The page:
I came across this chart over the weekend. It looks at the volatility of stock, bond and currencies markets. The article that accompanies it falls into a trap I have commented on before namely, that volatility and changes in volatility are predictive. My view is that they are post-dictive – that is they react after the event. If you are lucky they are concurrent with an event. This is not rocket science once you understand how the VIX is constructed. The VIX is the implied volatility of S&P500 options, if you take the options pricing equation and solve for volatility you get the implied volatility of the option. This is the volatility that is implied by the current option price. If you look at option pricing there are five inputs of which three could be considered prime drivers.
These drivers are the price of the underlying, time to expiry and volatility. Everyone is familiar with the price of the underlying and time to expiry. options are a wasting asset, once they are gone they are gone. However, volatility is a difficult for traders to grasp and therefore it is difficult for them to grasp the implications of changes in volatility on an assets price. Part of the difficulty with volatility is that it is not directly observable – it has to be measured some way and this measurement has to be interpreted.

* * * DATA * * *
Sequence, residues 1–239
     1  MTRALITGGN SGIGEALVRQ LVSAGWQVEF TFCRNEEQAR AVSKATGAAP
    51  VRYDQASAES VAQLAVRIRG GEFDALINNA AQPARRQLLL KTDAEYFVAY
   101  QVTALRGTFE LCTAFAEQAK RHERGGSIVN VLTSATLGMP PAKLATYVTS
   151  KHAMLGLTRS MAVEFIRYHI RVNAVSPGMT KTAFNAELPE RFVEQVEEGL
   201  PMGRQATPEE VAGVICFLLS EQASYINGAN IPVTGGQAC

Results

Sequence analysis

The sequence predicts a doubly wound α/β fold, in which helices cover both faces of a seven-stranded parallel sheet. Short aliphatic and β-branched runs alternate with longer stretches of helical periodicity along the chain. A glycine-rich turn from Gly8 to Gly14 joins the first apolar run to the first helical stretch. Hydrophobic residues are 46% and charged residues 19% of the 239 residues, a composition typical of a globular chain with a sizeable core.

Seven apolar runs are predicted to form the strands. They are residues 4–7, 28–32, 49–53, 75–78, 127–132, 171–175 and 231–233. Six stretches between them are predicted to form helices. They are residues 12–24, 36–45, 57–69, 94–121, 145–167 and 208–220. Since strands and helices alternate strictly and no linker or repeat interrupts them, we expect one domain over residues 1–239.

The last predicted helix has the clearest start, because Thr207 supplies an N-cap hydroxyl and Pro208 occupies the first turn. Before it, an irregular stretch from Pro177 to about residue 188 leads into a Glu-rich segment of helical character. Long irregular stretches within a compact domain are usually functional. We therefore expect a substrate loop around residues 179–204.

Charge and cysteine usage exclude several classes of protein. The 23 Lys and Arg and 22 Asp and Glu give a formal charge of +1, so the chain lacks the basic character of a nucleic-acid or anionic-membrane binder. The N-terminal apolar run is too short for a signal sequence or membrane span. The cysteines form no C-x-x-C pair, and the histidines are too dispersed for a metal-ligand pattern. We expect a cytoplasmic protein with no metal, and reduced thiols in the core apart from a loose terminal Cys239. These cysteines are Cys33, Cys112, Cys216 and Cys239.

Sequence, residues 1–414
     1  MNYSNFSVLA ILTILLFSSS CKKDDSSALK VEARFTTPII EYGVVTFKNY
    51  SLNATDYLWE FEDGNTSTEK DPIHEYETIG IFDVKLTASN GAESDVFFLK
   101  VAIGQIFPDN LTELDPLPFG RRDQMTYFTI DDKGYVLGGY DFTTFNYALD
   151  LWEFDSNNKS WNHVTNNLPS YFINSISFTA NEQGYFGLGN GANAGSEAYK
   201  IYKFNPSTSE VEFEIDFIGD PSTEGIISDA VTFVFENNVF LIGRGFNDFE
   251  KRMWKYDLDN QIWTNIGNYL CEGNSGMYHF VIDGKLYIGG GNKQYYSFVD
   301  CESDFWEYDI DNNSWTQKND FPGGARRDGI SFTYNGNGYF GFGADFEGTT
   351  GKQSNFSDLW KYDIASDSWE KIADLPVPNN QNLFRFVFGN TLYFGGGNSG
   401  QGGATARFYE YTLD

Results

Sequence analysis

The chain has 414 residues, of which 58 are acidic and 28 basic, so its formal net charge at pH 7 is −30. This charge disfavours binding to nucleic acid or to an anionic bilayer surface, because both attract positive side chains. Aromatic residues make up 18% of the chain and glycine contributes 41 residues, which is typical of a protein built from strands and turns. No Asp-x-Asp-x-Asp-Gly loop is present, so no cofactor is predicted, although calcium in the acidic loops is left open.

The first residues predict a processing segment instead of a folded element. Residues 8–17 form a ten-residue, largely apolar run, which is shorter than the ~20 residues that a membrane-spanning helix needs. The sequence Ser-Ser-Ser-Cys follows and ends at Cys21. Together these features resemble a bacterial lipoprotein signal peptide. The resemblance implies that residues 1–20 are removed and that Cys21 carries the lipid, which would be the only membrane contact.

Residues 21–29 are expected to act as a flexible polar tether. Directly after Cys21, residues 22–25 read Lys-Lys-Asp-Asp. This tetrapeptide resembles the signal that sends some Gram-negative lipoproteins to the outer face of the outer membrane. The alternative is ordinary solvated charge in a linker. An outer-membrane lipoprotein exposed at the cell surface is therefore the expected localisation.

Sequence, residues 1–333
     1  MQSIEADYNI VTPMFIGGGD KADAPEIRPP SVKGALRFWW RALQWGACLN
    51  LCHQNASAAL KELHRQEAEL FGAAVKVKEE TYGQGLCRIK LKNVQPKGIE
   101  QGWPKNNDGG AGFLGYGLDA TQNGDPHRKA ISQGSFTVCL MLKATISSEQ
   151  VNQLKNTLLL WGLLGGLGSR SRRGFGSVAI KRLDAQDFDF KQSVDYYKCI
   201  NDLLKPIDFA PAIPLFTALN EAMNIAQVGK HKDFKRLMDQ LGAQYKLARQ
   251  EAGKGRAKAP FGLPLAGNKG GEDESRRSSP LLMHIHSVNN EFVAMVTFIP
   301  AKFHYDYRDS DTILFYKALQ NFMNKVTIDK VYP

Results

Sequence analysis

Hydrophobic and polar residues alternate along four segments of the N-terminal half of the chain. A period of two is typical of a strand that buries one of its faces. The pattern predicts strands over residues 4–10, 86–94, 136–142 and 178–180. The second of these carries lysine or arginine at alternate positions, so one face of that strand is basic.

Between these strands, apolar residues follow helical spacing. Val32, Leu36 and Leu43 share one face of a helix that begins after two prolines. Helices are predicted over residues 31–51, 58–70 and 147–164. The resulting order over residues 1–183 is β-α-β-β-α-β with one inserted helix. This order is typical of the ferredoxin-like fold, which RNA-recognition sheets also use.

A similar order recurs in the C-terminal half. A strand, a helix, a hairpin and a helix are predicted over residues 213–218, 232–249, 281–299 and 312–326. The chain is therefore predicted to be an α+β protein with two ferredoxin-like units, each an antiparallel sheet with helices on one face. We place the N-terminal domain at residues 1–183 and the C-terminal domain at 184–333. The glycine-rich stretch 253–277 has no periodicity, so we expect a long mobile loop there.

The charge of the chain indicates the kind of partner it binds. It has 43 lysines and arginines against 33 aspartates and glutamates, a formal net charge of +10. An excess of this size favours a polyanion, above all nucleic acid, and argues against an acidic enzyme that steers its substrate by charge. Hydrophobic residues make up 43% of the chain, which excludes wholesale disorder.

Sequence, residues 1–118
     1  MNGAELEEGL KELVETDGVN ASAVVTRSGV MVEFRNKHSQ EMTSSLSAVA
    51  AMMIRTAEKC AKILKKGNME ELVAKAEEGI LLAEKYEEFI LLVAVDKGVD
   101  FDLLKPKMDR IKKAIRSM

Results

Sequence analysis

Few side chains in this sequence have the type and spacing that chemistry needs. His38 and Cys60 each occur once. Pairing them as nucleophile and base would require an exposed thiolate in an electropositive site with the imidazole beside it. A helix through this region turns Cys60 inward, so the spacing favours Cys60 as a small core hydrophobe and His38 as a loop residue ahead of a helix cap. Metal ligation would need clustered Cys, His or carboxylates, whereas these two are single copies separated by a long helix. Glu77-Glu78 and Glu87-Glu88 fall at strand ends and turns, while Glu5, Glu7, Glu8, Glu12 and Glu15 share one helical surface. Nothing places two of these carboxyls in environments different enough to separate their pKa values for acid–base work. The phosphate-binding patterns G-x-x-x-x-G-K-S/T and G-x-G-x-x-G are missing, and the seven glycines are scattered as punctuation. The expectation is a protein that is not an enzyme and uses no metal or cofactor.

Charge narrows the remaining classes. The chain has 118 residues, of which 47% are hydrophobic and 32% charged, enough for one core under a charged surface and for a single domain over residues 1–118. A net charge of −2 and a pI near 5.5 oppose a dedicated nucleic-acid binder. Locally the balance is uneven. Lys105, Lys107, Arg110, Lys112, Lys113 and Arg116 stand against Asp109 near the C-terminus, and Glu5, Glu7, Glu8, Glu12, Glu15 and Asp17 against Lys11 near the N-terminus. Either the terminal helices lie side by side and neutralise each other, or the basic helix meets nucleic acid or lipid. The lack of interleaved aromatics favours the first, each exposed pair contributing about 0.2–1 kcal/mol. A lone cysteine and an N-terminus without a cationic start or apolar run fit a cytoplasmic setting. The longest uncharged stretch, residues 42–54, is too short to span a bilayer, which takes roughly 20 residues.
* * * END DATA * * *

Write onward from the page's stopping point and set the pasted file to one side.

Once the underlying asset begins to swing in value then option market makers will demand greater compensation for the risks they are incurring in offering options for trade. The article offers up the idea that complacency is a bad thing and that there are a host of macro economic reasons as to why this might be so. To my way of thinking a measure of the market is neither good nor bad – it is simply a number or a series of numbers represented on a chart. Complacency is neither bad nor good – it is simply the state of the market.
The other point I take some issue with is that periods of low volatility are naturally followed by periods of high volatility and this implies a crash. Volatility will mean revert – that is it will swing around a mean value. this is why option traders use volatility to determine whether an option is poorly priced and attempt to take advantage of it. The relationship between volatility and an options price is linear, so if volatility doubles the price of the option should double. Low volatility does not imply that a crash is coming, it simply means that traders see no reason to move their pricing matrices to a new point.
The central issue is whether volatility is in some way predictive of the future to which my answer would be no. a predictive tool is one that moves before a change in asset prices not concurrent with or after and asset price moves. It should be remembered that option traders have no special super psychic ability – they no more have any idea of the future than any once else does. As such they are reactive entities – they are not imbued with any ability that any other trader who is perceptive and disciplined doesn’t possess.